non-secure connection MUST send a Client-Close with the error code object, the PEP SHOULD initiate the TLS handshake. If for any reason
15= Authentication required, with the Sub-code (octet 2) containing the PEP cannot initiate the handshake, it MUST close the connection.
the required Integrity object's C-Num=16 and (octet 3) containing
the required Integrity object's C-Type=2 and wait for the PEP to
reconnect. Upon receiving the Client-Open message, it SHOULD use the
Client-Accept message to initiate security negotiation.
6 Connection Closure The message exchange is as follows:
TLS provides facilities to securely close its connections. Reception C: Client-Open (Client-Type = 0)
of a valid closure alert assures an implementation that no further S: Client-Accept (Client-Type = 0, Integrity-TLS)
data will arrive on that connection. The TLS specification requires <TLS handshake>
TLS implementations to initiate a closure alert exchange before C/S: <...further messages...>
closing a connection. It also permits TLS implementations to close
connections without waiting to receive closure alerts from the peer,
provided they send their own first. A connection closed in this way
is known as an "incomplete close". TLS allows implementations to
reuse the session in this case, but COPS/TLS makes no use of this
capability.
A connection closed without first sending a closure alert is known After receiving the Client-Accept, the PEP MUST NOT send any messages
as a "premature close". Note that a premature close does not call until the TLS handshake is complete. Upon receiving any message from
into question the security of the data already received, but simply the PEP before the TLS handshake starts, the PDP MUST issue a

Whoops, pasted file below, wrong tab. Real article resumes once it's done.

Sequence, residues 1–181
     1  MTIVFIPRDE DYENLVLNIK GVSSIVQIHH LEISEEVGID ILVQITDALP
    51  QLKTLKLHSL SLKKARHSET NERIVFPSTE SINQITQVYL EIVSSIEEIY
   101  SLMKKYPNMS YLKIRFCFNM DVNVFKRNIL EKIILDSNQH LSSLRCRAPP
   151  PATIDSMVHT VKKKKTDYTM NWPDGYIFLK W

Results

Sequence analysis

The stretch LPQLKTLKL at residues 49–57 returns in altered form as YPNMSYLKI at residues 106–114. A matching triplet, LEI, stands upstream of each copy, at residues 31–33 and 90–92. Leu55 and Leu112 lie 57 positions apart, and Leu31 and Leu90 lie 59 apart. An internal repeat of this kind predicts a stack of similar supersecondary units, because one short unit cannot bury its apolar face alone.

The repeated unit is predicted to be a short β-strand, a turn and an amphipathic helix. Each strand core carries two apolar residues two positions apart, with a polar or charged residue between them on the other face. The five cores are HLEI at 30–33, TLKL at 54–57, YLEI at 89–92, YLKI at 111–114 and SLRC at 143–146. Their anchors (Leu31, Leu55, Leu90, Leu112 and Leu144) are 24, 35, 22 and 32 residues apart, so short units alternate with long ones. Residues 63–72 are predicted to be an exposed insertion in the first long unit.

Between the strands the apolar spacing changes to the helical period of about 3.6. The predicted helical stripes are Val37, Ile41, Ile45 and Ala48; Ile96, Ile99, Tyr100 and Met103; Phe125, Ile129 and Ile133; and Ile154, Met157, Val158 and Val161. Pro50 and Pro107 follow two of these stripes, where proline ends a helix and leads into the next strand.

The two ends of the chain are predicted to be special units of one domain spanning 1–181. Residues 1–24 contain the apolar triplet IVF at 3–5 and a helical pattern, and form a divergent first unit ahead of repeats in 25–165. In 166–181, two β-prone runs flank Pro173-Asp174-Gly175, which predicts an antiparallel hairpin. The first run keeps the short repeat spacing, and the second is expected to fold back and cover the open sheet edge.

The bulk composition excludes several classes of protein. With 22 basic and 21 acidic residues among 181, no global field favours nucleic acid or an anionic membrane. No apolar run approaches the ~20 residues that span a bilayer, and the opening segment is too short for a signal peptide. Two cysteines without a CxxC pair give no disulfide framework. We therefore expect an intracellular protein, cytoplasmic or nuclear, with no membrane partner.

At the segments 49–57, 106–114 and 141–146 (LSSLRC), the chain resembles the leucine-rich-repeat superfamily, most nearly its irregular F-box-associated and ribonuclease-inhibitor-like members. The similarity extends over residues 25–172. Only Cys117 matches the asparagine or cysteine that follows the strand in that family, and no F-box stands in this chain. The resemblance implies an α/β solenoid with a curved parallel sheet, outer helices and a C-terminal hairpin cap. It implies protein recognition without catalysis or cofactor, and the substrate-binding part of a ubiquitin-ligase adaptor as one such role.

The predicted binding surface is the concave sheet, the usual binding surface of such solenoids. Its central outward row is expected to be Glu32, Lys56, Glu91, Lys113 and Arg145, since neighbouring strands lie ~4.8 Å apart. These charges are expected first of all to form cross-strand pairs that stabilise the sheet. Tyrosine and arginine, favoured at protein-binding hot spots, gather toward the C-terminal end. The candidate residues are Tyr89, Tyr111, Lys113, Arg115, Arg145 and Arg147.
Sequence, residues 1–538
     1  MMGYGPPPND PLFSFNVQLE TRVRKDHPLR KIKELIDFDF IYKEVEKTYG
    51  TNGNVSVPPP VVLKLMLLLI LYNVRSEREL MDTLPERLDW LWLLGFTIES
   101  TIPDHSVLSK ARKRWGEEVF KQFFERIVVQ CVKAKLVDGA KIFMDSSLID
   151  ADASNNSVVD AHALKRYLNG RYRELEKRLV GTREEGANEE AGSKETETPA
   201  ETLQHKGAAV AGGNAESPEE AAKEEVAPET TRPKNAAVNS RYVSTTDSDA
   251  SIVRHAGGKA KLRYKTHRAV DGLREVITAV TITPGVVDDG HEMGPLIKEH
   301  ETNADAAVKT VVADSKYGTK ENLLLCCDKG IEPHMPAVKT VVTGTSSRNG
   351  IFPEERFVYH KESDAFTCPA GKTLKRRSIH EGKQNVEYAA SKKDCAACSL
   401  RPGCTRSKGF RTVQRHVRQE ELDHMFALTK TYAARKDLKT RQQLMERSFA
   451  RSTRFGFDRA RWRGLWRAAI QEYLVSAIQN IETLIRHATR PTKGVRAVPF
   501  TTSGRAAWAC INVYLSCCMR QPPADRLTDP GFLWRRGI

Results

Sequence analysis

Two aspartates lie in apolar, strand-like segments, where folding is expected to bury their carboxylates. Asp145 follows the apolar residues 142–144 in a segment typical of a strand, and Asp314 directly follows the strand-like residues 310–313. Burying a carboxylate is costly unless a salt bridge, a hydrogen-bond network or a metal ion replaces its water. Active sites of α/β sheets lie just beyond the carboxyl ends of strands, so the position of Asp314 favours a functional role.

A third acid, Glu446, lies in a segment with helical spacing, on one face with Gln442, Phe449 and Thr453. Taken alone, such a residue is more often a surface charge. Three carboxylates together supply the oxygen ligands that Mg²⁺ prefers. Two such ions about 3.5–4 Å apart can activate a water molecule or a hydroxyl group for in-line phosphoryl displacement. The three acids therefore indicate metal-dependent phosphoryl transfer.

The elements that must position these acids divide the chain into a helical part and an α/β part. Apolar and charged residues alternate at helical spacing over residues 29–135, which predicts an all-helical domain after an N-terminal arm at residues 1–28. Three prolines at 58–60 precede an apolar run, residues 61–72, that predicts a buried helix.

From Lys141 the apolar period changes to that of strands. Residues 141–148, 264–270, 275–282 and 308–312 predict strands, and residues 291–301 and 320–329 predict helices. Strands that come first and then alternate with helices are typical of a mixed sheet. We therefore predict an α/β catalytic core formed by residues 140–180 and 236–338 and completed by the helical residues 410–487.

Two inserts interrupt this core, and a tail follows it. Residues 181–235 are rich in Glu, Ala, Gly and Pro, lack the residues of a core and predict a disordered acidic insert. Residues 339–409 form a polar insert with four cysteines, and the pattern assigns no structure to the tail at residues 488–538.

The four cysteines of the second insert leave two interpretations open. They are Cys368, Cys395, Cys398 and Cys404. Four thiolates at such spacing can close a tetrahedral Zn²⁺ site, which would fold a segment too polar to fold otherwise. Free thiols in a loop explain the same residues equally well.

indicates that subsequent data might have been truncated. Because Client-Close message with an error code 15= Authentication Required.
TLS is oblivious to COPS message boundaries, it is necessary to
examine the COPS data itself (specifically the Message header) to
determine whether truncation occurred.
6.1 PEP System Behavior A PDP wishing to negotiate security with a PEP having an existing
non-secure connection MUST send a Client-Close with the error code
15= Authentication required, with the Sub-code (octet 2) containing
the required Integrity object's C-Num=16, and (octet 3) containing
the required Integrity object's C-Type=2, and then wait for the PEP
to reconnect. Upon receiving the Client-Open message, it SHOULD use
the Client-Accept message to initiate security negotiation.
PEP implementations MUST treat premature closes as errors and any 6. Connection Closure
data received as potentially truncated. The COPS protocol allows the
PEP system to find out whether truncation took place. A PEP system
detecting an incomplete close SHOULD recover gracefully.
PEP systems SHOULD send a closure alert before closing the TLS provides facilities to securely close its connections. Reception
connection. PEPs unprepared to receive any more data MAY choose not of a valid closure alert assures an implementation that no further
to wait for the PDP system's closure alert and simply close the data will arrive on that connection. The TLS specification requires
connection, thus generating an incomplete close on the PDP side. TLS implementations to initiate a closure alert exchange before
closing a connection. It also permits TLS implementations to close
connections without waiting to receive closure alerts from the peer,
provided they send their own first. A connection closed in this way
is known as an "incomplete close". TLS allows implementations to
reuse the session in this case, but COPS/TLS makes no use of this
capability.
6.2 PDP System Behavior A connection closed without first sending a closure alert is known as
a "premature close". Note that a premature close does not call into
question the security of the data already received, but simply
indicates that subsequent data might have been truncated. Because
TLS is oblivious to COPS message boundaries, it is necessary to
examine the COPS data itself (specifically the Message header) to
determine whether truncation occurred.
COPS permits a PEP to close the connection at any time, and requires 6.1. PEP System Behavior
PDPs to recover gracefully. In particular, PDPs SHOULD be prepared
to receive an incomplete close from the PEP, since a PEP often shuts
down for operational reasons unrelated to the transfer of policy
information between the PEP and PDP.